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September 15, 2014

A giant footstep towards saving sharks

Caribbean reef shark, Jardines de la Reina, Cuba. © OCEANA Carlos Suárez


Yesterday, the entry of 5 new species of sharks and all manta rays to the CITES (Convention on International Trade in Endangered Species) Appendix II went into effect, as agreed on in the CITES meeting last year in Bangkok, Thailand.

The shark species that are now included in this list are the Oceanic Whitetip, the Porbeagle and three varieties of Hammerhead shark; the Great Hammerhead, the Smooth Hammerhead and the Scalloped Hammerhead. All of these species are listed as threatened on the IUCN RED List.

So what does this actually mean for these animals?

CITES Appendix II contains species that are at risk of becoming threatened with extinction if trade is not kept at a limit. This means that international trade in these species will now be tightly regulated in 180 signatory countries, ensuring that trade of these vulnerable species is limited in order to ensure their survival in the wild.

Any trade at all will need to come with permits to make sure that the animals have been caught sustainably and legally, and must be reported to the CITES secretariat.

Shark fin in the surface, south of Alboran sea, Morocco. © OCEANA Carlos Minguell

One of the biggest threats to sharks is the worldwide trade in shark fin, a demand which comes in particular from China. In China, shark fin soup is a delicacy, which is associated with good fortune, honor and prosperity and is commonly served at weddings, New Year celebrations and other occasions.

When you think about the massive population of China (1.4 billion people) it is easy to see how their love for shark fin, is incredibly unfortunate for sharks. Because of this big demand, sometimes sharks are killed just for their fins, whereby the fin is cut off while they are alive and they are then dumped back into the sea to bleed or drown to death.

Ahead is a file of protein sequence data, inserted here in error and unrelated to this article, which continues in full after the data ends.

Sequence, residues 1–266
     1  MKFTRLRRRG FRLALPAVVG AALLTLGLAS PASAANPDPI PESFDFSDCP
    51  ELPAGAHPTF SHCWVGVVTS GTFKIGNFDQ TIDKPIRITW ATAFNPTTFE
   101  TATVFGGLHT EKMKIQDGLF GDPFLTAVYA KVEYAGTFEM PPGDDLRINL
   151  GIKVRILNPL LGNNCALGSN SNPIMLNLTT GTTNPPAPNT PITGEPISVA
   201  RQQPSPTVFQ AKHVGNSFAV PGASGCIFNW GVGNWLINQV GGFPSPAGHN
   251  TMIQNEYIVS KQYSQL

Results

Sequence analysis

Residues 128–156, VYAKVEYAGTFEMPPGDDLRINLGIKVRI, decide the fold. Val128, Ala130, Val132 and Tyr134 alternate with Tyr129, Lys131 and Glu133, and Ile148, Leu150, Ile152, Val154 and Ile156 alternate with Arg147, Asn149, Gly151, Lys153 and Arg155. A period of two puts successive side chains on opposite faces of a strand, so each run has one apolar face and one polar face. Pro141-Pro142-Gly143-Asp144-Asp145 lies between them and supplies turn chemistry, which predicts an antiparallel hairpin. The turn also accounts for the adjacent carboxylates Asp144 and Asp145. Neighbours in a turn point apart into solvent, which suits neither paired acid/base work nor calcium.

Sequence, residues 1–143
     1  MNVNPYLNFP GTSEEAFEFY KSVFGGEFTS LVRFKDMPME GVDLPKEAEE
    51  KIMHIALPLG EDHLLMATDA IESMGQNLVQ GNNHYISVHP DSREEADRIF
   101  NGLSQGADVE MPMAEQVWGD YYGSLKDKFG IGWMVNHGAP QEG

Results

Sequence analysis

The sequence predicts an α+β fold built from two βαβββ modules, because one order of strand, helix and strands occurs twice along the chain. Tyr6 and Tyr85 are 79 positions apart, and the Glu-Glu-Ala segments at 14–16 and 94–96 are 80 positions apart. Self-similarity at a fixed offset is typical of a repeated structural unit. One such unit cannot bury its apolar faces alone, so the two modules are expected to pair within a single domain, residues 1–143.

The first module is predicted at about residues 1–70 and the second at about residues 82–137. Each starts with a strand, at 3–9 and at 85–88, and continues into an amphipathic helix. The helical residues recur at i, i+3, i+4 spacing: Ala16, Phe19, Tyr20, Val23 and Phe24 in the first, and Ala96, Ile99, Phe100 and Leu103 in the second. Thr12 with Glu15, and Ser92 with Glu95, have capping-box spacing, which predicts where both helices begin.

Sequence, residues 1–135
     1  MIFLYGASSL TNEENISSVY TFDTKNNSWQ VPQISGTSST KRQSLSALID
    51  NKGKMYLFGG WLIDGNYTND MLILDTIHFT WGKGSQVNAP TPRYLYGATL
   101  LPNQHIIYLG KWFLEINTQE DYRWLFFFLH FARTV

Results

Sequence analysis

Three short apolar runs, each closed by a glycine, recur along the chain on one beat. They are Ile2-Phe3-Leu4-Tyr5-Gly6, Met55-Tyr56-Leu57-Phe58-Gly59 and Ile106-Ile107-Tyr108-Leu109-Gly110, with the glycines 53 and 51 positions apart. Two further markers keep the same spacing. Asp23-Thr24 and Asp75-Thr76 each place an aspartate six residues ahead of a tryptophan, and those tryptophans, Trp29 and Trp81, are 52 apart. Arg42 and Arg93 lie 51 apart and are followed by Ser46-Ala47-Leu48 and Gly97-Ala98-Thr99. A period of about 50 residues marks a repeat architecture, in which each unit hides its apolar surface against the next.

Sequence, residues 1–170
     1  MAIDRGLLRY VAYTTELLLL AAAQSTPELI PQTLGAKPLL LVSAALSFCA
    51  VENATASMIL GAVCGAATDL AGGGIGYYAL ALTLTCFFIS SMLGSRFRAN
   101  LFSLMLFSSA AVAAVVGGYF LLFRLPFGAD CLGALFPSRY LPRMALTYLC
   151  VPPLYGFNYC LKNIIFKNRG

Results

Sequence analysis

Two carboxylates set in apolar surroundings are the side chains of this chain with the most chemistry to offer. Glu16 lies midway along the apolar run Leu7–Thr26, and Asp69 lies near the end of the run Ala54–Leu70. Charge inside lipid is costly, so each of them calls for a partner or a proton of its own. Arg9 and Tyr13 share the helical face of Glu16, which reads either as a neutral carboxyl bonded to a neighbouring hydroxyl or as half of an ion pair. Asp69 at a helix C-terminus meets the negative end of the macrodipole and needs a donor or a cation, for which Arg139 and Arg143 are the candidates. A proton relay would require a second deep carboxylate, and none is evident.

A large demand in Manta Rays also comes from China, as their gills are now being used for medicinal purposes, a fact which is not scientifically backed and is not even in founded in traditional medicine.

But how will trade in these species actually be stopped?

Most certainly, stopping unregulated trade in these species will be a challenge, and will require close cooperation between countries, governments and NGOs. The good news though, is that the European Union has contributed 1.2 million euros to help implement the new measures.

And on a technological level, a new software tool called iSharkFin has been developed in order to identify species of shark by the shape of the fin. This is aimed at inspectors, custom agents and fish traders and will greatly help in enforcing the regulations associated with CITES Appendix 2.

Things are certainly looking up for sharks! First of all, out of all the countries that made reservations on the new CITES listing (Japan, Iceland, Canada, Guyana and Denmark on behalf of Greenland) China was not one of them.  Also, sales in shark fin in China are now beginning to drop.

Finally it seems that the world is showing a real commitment to protect these wonderful animals.